§ Mr. Clappison
To ask the Secretary of State for the Home Department, pursuant to his answers of 27 April 1999,Official Report, column 110, 18 May 1999, Official Report, column 295 and 26 May 1999, Official Report, column 149, on home detention curfews, what powers he has to revoke the licences of the 14 curfewees who were charged with an offence during the period of curfew and who remained on home detention curfew. 
§ Mr. George Howarth
The Secretary of State's powers to revoke the licence of any person subject to home detention curfew are set out in section 38A(1) of the Criminal Justice Act 1991, which provides thatIf it appears to the Secretary of State, as regards a person released on licence under section 34A(3) above—
- (a) that he has failed to comply with the curfew condition;
- (b) that his whereabouts can no longer be electronically monitored at the place for the time being specified in that condition; or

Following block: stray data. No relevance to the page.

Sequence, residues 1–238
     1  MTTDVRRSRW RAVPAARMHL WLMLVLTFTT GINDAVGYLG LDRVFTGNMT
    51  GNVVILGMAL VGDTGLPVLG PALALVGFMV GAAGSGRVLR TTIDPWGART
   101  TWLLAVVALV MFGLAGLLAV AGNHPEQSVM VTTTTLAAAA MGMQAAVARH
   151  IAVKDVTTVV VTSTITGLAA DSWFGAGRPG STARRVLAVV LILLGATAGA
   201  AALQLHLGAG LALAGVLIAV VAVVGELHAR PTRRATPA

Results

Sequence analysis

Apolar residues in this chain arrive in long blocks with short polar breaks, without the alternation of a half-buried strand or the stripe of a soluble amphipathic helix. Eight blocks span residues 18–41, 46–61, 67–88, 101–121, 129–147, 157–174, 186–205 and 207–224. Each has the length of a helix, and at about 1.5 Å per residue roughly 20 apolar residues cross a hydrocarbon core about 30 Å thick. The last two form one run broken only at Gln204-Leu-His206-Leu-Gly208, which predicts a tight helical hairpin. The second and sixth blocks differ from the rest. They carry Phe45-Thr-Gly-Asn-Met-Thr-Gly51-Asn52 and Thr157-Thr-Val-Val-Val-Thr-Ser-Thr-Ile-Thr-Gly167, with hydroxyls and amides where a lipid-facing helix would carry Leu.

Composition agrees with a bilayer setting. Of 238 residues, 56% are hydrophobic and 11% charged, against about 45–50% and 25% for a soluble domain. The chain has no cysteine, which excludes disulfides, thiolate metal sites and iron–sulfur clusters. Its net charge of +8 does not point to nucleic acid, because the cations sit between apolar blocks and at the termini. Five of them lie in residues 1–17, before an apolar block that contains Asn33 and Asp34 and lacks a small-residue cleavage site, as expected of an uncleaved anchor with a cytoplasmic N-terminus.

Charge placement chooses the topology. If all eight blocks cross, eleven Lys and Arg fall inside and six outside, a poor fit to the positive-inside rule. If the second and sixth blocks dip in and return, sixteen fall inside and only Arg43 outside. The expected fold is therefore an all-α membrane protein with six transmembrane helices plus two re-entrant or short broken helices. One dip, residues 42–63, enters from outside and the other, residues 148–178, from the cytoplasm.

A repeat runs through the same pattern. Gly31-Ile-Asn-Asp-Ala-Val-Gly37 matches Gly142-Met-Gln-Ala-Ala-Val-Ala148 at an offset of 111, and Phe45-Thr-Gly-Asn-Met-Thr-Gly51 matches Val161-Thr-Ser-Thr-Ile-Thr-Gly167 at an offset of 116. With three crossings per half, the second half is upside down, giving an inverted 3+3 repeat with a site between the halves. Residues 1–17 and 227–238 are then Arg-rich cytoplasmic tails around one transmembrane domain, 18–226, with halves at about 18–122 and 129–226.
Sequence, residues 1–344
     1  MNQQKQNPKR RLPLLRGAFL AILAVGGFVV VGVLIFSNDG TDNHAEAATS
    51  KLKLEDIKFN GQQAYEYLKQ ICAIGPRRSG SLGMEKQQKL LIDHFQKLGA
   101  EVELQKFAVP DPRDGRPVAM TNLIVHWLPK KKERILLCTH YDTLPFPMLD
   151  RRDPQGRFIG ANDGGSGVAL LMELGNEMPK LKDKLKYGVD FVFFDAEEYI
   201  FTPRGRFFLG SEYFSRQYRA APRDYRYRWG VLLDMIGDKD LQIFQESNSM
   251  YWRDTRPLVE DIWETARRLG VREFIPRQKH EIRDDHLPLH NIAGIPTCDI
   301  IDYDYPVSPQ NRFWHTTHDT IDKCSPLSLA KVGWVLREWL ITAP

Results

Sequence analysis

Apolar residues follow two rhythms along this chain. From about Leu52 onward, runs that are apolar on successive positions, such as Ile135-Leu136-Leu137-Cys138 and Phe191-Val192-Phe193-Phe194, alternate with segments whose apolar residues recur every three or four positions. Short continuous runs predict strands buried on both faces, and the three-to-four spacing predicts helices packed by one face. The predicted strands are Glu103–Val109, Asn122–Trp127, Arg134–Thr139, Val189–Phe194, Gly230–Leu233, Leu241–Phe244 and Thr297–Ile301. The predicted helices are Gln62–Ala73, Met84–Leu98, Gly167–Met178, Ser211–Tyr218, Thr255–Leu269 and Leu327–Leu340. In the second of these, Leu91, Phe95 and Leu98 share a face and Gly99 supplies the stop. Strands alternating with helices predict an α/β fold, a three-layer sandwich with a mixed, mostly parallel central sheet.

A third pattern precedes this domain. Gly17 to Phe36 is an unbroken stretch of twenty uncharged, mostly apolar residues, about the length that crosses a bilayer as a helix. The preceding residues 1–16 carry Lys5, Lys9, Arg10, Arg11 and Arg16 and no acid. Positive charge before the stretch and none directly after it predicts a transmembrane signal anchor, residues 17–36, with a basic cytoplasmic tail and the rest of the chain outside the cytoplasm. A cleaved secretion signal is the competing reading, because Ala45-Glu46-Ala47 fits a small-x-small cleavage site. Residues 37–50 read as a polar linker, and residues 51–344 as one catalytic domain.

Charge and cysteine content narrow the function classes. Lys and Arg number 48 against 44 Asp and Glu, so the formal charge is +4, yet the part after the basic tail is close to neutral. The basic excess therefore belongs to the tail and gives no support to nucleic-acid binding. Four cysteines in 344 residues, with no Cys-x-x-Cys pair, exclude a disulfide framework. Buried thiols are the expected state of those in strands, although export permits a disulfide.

- (c) that it is necessary to do so in order to protect the public from serious harm from him, the Secretary of State may, if the curfew condition is still in force, revoke the licence and recall the person to prison."
In addition, on 1 January 1999, the Government implemented section 103 of the Crime and Disorder Act 1998. This means that a curfewee whose original offence was committed on or after 1 January 1999 and who is charged with a new offence committed during the home detention curfew period will be liable to have his licence revoked by the Secretary of State under section 39 of the Criminal Justice Act 1991.
The 14 curfewees referred to in the question are not liable to have their licences revoked by the Secretary of State under section 39 of the 1991 Act, as their original offences were committed prior to 1 January 1999, and there are no grounds for recall under section 38A(1) of the 1991 Act. However, breaches of licence conditions not covered by these provisions may be dealt with by the courts under section 38 of the 1991 Act and may result in a fine and/or recall to prison.